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how much information is required to construct the equation: $$ X^2 - 2=0 \; ? $$ suppose, in a spirit of seasonal festivity, we squander a few further bits, and pamper ourselves with the additional condition: $$ x \gt 1 $$ we know that a solution to this equation is specified by $$ x=\sqrt{2} $$ expressed in this way, it might be argued that the solution contains a quantity of information, $I$, which has the same order of magnitude as the information content of the question.

on the other hand it is evident that, measured by the activities of a suitably co-operative Turing machine, the quantity of information in the solution is in fact (something like): $$ ln \; \aleph_1 $$ how should i attempt to reconcile these two points of view?

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In the sense of Kolmorogrov complexity the information content of $\sqrt 2$ is the length of the shortest program to calculate it. The exact value depends on your language, but it is not huge. It is certainly not infinite.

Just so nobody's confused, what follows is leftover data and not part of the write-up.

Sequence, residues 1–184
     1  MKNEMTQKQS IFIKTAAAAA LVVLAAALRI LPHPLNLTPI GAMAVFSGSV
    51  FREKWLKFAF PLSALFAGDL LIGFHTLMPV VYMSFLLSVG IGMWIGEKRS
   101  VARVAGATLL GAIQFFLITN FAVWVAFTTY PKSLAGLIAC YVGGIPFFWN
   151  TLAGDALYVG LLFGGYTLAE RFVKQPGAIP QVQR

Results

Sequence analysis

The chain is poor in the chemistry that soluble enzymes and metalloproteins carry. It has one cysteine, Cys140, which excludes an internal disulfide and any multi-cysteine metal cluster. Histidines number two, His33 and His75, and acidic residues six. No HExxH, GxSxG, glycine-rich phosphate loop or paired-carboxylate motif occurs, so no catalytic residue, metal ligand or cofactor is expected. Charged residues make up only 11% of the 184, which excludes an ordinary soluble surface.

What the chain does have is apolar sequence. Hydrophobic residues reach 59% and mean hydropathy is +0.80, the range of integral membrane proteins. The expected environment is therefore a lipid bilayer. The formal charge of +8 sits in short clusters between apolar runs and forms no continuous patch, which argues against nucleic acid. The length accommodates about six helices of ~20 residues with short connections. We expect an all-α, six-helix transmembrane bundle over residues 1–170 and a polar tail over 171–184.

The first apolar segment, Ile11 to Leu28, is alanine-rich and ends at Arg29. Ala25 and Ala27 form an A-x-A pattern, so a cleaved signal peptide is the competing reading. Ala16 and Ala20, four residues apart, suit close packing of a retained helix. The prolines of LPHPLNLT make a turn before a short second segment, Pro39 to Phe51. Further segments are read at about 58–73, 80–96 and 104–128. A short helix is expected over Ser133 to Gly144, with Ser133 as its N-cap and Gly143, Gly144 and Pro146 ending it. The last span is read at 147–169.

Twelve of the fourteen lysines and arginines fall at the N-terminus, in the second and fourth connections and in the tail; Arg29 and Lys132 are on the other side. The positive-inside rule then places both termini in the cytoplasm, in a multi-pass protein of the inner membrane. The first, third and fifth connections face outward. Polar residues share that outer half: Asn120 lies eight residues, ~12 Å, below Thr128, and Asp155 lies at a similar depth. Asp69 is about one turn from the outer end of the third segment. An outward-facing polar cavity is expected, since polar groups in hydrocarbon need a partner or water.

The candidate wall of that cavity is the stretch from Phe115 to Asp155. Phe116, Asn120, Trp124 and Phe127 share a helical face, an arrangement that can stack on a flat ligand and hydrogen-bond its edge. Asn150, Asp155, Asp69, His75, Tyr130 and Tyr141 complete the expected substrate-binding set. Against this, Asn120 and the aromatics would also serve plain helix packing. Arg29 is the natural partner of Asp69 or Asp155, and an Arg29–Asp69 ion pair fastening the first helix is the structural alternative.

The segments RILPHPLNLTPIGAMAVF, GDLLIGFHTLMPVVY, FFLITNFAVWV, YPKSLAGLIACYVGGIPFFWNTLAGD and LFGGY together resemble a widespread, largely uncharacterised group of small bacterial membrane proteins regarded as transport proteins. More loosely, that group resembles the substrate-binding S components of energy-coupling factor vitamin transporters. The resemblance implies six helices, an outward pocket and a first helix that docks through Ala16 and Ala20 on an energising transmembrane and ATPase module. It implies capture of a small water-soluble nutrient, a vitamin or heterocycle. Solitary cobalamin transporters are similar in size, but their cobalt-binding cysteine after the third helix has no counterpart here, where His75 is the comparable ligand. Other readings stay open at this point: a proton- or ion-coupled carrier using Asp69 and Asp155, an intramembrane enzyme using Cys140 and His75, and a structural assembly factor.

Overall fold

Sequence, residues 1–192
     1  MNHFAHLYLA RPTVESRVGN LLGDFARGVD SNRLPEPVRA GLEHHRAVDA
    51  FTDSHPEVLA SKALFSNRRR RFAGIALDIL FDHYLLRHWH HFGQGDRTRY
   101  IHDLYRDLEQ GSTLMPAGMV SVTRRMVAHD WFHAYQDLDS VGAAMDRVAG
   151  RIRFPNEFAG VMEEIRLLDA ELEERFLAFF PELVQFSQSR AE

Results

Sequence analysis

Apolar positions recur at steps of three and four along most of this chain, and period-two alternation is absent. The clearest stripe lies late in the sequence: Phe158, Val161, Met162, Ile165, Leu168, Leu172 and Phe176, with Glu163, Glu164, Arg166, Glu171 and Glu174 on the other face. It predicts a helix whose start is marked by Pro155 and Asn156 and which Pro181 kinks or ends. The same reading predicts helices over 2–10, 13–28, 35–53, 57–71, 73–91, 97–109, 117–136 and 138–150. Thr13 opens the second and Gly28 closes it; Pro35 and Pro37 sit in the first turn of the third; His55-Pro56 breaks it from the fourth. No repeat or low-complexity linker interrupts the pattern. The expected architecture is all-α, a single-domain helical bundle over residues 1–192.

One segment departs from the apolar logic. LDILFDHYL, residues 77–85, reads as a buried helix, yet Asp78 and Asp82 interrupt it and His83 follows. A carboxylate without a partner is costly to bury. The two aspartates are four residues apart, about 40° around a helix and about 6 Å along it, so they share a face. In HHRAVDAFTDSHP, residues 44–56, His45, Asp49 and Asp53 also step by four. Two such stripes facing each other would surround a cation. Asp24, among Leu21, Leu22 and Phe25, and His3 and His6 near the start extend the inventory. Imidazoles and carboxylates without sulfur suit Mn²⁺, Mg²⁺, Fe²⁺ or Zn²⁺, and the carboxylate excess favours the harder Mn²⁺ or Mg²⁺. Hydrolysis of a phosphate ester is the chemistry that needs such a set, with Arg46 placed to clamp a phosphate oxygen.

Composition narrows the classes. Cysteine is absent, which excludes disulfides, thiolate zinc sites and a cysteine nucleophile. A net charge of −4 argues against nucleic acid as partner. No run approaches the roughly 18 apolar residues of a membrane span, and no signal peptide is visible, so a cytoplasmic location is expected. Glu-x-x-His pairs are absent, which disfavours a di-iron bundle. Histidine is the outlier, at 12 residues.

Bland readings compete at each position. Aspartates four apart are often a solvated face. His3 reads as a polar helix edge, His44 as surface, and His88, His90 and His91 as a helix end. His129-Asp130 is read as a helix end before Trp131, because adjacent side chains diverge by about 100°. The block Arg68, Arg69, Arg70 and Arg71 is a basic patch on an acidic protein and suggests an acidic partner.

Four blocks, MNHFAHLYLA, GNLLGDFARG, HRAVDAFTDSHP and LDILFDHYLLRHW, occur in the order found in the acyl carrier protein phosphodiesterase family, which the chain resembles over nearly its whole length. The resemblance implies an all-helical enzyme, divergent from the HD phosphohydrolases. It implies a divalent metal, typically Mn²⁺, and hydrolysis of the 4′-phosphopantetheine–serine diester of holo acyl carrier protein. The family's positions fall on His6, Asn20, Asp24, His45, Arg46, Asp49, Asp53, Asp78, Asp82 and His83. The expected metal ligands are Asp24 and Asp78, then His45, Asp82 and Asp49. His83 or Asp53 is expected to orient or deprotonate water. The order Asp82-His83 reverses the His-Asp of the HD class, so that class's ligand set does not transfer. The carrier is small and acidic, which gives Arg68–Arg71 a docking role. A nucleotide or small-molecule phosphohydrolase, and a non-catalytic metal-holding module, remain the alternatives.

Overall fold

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thank you, Ross. that is a useful new concept for me, though i have envisaged something similar. however, a new question emerges naturally from this answer: what information is required for the interpretation and implementation of the algorithmic procedure itself, which might be regarded as considerably greater that the Kolmogorov Complexity of a particular procedure? or is this properly viewed as a shared burden which is not the responsibility of any particular computable irrational, and hence making only a negliglible contribution to the info content of particular numbers? –  David Holden Dec 17 '13 at 18:03
    
If your model is a Turing machine, for example, we count the number of states. The "operating system" that interprets the list of states and keeps track of where you are on the tape is usually not counted. –  Ross Millikan Dec 17 '13 at 18:23
    
thx again. provokes this question (slightly off-topic, but grateful to glean a little knowledge), is there is a concept of a machine which can gradually elaborate its state-space, transition-matrix and output/movement functions, and internalize a hypothesis-testing algorithm - i.e. a Turing-machine with the potential for evolution? obviously this would still be a Turing machine. but if it had one probabilistic input to its "problem-selection" subalgorithm - determining its learning trajectory - how would one describe the family of such machines as a function of computation time? –  David Holden Dec 17 '13 at 18:38
    
There may be. I am not up on that area. –  Ross Millikan Dec 17 '13 at 18:42

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